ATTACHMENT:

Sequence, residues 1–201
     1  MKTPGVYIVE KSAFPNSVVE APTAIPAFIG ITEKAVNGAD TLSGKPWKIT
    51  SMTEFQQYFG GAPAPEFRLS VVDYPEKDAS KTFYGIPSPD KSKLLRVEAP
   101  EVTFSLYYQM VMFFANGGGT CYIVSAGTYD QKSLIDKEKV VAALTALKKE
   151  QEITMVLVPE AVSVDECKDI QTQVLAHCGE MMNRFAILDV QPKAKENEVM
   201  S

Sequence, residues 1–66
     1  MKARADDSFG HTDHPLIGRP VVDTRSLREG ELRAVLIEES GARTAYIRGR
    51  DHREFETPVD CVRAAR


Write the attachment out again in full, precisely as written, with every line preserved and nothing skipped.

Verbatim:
Sequence, residues 1–201
     1  MKTPGVYIVE KSAFPNSVVE APTAIPAFIG ITEKAVNGAD TLSGKPWKIT
    51  SMTEFQQYFG GAPAPEFRLS VVDYPEKDAS KTFYGIPSPD KSKLLRVEAP
   101  EVTFSLYYQM VMFFANGGGT CYIVSAGTYD QKSLIDKEKV VAALTALKKE
   151  QEITMVLVPE AVSVDECKDI QTQVLAHCGE MMNRFAILDV QPKAKENEVM
   201  S

Sequence, residues 1–66
     1  MKARADDSFG HTDHPLIGRP VVDTRSLREG ELRAVLIEES GARTAYIRGR
    51  DHREFETPVD CVRAAR